US Payday Loan Scammer Convicted


A man who defrauded more than 600,000 Americans out of a total of $ 200 million over the past decade was sentenced last month to 10 years in prison and a $ 49 million fine, the FBI announced Thursday.

(CC BY 2.0)Richard Moseley, Sr. scammed clients using a group of payday loan companies called Hydra Lenders. Moseley charged his victims up to 700 percent interest on the money they would borrow.

Payday loan businesses provide short-term loans to people who need to borrow money, often low-income and financially vulnerable people. Borrowers agree to repay the loan on the next payday.

While this type of deal may be successful, Moseley used illegal tactics to drain clients of their finances.

When complaints reached state governments and officials questioned Moseley, he claimed his business was located abroad on Nevis, an island in the Caribbean, and New Zealand, where regulations did not apply.

Throughout the FBI investigation, however, it was revealed that Hydra Lenders was, in fact, located in Kansas City, Missouri.

After an investigation of his financial records and interviewing employees and victims, the FBI discovered that he had broken the law regularly and was using fake letterheads and a mail forwarding service to conceal his location.

Between 2004 and 2014, Hydra’s lenders charged illegally high interest rates, took additional fees without disclosing them to clients, allowed the loans to incur interest by not applying their money to pay off the loan and instead only charging interest, and create payday loans for clients. that he had simply inquired about eligibility, rather than agreeing to participate.

These tactics largely took advantage of people who were already financially vulnerable. “Some of the victimized individuals were having financial difficulties at the time, including grandmothers, grandfathers and former members of the military who served our country,” said FBI New York Supervising Special Agent Matthew Taylor.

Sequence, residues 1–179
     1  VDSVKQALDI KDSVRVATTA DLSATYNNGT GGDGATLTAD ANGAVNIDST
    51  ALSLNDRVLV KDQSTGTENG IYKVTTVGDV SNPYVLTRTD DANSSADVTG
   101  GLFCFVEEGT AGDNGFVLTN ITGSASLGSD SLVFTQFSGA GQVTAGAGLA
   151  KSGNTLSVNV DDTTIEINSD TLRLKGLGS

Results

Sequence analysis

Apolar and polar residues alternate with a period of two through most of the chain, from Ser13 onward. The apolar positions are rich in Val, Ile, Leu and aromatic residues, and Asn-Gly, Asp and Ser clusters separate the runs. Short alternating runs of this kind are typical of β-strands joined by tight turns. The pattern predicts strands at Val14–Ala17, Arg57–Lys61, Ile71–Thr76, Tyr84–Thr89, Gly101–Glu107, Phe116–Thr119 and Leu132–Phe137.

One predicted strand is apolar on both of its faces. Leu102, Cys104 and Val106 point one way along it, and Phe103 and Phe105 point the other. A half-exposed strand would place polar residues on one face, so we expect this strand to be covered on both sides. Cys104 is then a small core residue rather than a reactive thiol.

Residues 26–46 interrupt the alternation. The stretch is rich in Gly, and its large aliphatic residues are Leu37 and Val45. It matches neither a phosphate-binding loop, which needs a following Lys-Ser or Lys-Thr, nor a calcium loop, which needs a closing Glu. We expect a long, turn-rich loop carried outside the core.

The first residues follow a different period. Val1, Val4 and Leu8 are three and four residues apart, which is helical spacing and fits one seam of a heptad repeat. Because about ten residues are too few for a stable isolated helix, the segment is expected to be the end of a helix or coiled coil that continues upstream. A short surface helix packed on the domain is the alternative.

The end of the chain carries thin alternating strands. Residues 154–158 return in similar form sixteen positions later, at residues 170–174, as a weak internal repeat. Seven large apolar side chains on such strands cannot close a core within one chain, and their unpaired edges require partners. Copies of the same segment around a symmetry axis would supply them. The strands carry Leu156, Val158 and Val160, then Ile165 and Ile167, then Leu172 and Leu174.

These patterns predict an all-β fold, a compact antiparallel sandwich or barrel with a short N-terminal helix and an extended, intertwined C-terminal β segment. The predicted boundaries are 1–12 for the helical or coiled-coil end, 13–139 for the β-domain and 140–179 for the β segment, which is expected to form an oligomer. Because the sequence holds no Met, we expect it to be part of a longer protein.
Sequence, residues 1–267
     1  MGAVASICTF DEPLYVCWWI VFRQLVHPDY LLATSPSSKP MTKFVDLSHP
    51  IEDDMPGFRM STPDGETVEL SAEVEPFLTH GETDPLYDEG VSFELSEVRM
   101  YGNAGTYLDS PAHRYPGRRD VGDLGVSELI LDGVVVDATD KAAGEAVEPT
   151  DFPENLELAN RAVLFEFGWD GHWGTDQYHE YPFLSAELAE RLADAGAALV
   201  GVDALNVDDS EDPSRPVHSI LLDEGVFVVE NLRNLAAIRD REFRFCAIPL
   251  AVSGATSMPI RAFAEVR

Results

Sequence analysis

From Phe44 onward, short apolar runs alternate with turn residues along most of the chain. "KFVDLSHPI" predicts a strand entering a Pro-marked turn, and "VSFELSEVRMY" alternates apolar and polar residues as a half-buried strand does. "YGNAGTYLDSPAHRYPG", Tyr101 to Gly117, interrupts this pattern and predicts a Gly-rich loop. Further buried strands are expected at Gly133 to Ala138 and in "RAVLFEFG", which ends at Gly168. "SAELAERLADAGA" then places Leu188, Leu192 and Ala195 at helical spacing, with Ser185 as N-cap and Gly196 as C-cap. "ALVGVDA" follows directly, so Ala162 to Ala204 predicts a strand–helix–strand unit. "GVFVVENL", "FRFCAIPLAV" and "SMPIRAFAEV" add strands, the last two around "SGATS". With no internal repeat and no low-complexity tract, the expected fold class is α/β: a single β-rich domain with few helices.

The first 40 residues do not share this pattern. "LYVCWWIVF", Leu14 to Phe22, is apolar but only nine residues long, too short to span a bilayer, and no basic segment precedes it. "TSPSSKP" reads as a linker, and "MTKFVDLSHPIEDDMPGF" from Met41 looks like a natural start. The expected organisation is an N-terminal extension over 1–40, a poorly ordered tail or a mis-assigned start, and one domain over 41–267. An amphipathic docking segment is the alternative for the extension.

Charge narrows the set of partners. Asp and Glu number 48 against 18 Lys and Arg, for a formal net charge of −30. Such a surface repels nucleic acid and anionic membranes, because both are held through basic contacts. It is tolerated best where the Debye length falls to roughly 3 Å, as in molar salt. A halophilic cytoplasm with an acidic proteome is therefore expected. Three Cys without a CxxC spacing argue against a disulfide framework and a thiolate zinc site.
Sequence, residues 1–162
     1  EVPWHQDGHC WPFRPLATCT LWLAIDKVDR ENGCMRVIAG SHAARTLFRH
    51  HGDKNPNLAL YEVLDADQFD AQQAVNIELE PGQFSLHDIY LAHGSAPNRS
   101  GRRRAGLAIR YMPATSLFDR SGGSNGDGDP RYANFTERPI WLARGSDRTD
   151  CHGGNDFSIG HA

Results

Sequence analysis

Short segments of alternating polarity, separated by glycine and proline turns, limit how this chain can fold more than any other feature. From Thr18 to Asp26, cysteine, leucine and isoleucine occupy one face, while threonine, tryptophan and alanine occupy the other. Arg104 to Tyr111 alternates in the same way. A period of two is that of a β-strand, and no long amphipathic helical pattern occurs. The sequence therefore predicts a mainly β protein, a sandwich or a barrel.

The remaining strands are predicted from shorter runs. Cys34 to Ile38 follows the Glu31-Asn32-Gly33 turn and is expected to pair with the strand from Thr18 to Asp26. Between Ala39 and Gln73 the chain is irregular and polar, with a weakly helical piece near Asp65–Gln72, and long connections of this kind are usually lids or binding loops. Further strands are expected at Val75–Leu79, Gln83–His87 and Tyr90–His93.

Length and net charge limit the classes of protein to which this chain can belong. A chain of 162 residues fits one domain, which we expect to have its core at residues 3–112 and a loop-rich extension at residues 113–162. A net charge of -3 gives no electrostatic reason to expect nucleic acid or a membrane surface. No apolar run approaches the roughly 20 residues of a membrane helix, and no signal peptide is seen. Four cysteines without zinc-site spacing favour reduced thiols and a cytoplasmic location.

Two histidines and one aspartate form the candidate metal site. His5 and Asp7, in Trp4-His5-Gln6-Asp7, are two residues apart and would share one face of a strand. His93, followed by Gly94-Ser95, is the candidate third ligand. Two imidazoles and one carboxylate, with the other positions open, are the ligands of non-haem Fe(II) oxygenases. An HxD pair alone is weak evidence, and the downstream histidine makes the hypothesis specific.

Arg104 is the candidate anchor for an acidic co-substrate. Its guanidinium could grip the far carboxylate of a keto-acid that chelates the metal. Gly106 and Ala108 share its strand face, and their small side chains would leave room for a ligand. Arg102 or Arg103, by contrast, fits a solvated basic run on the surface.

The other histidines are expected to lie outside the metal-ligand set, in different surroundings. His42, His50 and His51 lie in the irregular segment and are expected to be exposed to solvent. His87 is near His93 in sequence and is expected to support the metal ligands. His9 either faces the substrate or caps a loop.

“In most cases, the victims did not recover the money that was illegally taken from them.”

A 2018 study showed that low-income American citizens who do not have a bank account and minority groups are more likely to use an “add-on service,” which is a term used to describe services such as payday loans, payday loans, pawn and auto title lenders. .

Payday loan services were found to be more common among blacks and Hispanics than among whites and Asians. They are also more common in female-headed households than in male-headed households.

A family with an income of $ 25,000 was found to spend $ 2,400 of their salary on one of these services, paying $ 530 in fees and interest on loans averaging just $ 375, the study showed.

Meanwhile, Moseley used his fraudulent earnings to pay for homes both inside and outside the United States, high-end cars and an exclusive membership in a country club.

While each victim did not lose a substantial amount of money, they were forced to close their bank accounts and open new ones.

Moseley was convicted in November 2017 of wire fraud, aggravated identity theft and Truth in Lending violations, as well as racketeering offenses.

There have been efforts to end the payday loan debt trap in the last decade. Former President Obama announced rules in 2015 to protect military service members from financial abuse, and the Consumer Financial Protection Bureau finalized new rules in 2017 to require a pre-transaction test to determine whether borrowers will be able to repay the loan.

However, despite the rules, loopholes remain.


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